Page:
These powerful persons are called land-holders by the black-orc rulers of the Western Outlands. Each land-holder has made an arrangement directly with the Prince of Hell who owns the temple plot containing their land. Some of them rent the land, others bought it, and some are even rumored to have seized it by force. But all have made some kind of deal with the devils. Among the land-holders are renegade wizards, ancient creatures like demons, monsters, and dragons, some black orcs, elves, and wealthy sapien exiles. The Grand Master of Assassins is rumored to have his headquarters south of the High Road, beyond the reach of the law of any sapien nation, and it may be that the Claran Bounty Hunter's Association is based in the same neighborhood also.

The region called Gelden, south of the High Road, is reputed to be filled with the estates of land-holders, with the exception of a Holy Place at its center that each black-orc of the Western Outlands visits on a pilgrimage at the age of fifty. They walk into Gelden, face whatever mysteries and tests that land will present to them with its maze of roads, land-holders, way-side inns, and cunning traders. Even these powerful land-holders must eat, or their servants must eat, and they need cloth, iron, and ceramics. They might summon all they need from Olympia, but it turns out that they don't have to. As part of their lease with the Princes of Hell, the roads are supposed to be safe to travel, so that they might travel the roads themselves, or receive visitors. And therefore merchants are, under the law, permitted to travel along these roads to visit the estates and do business.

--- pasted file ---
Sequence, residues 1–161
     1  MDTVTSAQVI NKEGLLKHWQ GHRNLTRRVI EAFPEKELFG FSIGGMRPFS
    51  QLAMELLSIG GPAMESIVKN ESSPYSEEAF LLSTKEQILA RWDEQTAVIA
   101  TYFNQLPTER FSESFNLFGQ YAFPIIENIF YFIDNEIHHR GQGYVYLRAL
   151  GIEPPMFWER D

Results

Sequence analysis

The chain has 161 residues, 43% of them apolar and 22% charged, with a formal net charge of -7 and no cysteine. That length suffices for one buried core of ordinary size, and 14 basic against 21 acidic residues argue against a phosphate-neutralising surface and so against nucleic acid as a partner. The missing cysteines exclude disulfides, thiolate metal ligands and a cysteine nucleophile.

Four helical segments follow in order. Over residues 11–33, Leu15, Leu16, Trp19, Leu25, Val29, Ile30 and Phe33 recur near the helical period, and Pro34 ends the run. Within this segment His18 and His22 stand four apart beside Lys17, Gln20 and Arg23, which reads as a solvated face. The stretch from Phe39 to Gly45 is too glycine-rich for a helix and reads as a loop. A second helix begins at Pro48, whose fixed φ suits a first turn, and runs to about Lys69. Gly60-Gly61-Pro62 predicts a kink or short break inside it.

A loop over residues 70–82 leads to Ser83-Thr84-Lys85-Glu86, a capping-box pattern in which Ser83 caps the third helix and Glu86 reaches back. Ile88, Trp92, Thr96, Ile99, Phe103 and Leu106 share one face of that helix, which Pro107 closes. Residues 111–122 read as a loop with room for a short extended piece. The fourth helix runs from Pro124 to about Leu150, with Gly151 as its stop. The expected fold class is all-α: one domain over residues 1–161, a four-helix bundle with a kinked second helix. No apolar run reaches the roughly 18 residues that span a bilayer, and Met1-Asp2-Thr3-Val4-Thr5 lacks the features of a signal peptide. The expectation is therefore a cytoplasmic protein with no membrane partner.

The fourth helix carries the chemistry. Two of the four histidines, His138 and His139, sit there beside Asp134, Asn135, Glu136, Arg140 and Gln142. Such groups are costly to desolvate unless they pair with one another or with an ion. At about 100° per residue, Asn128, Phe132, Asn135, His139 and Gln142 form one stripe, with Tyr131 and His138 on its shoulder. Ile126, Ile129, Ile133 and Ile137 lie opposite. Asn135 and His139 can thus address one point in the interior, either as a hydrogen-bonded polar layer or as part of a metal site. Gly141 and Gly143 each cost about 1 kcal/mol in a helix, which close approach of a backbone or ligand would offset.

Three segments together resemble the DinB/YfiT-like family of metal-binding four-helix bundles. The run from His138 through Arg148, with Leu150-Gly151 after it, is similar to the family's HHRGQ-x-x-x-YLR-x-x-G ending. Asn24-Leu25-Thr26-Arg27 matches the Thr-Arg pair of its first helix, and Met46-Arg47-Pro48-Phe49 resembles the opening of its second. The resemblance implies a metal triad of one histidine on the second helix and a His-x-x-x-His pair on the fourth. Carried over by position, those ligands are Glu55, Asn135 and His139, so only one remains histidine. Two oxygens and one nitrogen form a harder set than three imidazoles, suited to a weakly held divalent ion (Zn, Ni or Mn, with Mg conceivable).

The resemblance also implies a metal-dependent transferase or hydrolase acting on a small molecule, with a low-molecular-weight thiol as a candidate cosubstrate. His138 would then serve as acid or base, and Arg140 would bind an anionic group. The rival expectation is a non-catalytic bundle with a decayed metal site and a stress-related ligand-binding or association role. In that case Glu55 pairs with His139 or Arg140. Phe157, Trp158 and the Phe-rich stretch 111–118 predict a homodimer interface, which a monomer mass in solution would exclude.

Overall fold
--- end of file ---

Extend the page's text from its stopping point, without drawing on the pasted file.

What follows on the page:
And so our heroes head out on the High Road, with the land sloping downwards in gentle hills to the north and south. It starts to snow, and soon the grass and rock of the moors is covered with a layer of white powder, and their horses's steps are muffled upon the flagstones. They pass two clusters of four or five wagons going the other way, with sapien men and woman driving the mules and horses. They are bound for Kent. What they have in their cargo, our heroes can only guess. Elivinsikil suspects they have taken manufactured goods out of Kent and they are bringing back drugs and contraband. But our heroes absolutely forbid her to question the drivers.

"This is the High Road of Taerin," Quayam says, "Have some respect for tradition. Everyone's business is their own."

"I understand," Elivinsikil says, "But when I think of how many kids are going to have their lives ruined by whatever these people are bringing back into Kent, I want to do something."

"We have no laws against drugs in Pakesh," Quayam says.

A long debate follows, in which Elivinsikil is outnumbered three to one. Eventually, Gristel suggests that it is time to set the matter aside and stop for the night. Quayam makes them a fine shelter twenty meters from the road and they sleep well.

In the morning, they light a fire and eat. "Why do people obey the Law of Gelden on this road?" Elivinsikil asks.

"If they don't, and I catch them, I'll punish them," Quayam says.

"You're not here most of the time."

"There are many others like us," Gristel says, "We adventurers have a code. We don't mess with anyone else's business, and we don't like people starting fights. But if you want to start a fight, we will kick your ass. Or something like that."

"I'm not convinced," Elivinsikil says. "How do you know that the person who appears to have started the fight is the person who actually started the fight. You could end up beating up the wrong person."

"There are the black orcs and these Land-Holders to be scared of," Thristen says, "And occasional companies of orcs marching up and down. Who else is on this road but traders and travellers? Neither of them want to fight. Only bandits will want to fight. But they have to have a base somewhere, and if they have a base, the land-holders or the black orcs will find it, send in a company of orcs, and capture them." He gestures to the surrounding, snow-covered moor. "This land is empty but it belongs to someone."

Their debate about the rules of the road continues through breakfast, which they summon from Olympia, and into the morning. At noon, they come across three wagons parked on the side of the road. The wagon-drivers are sapien men. Quayam shows the photograph of Onorato to all three drivers. None of them have seen the boy.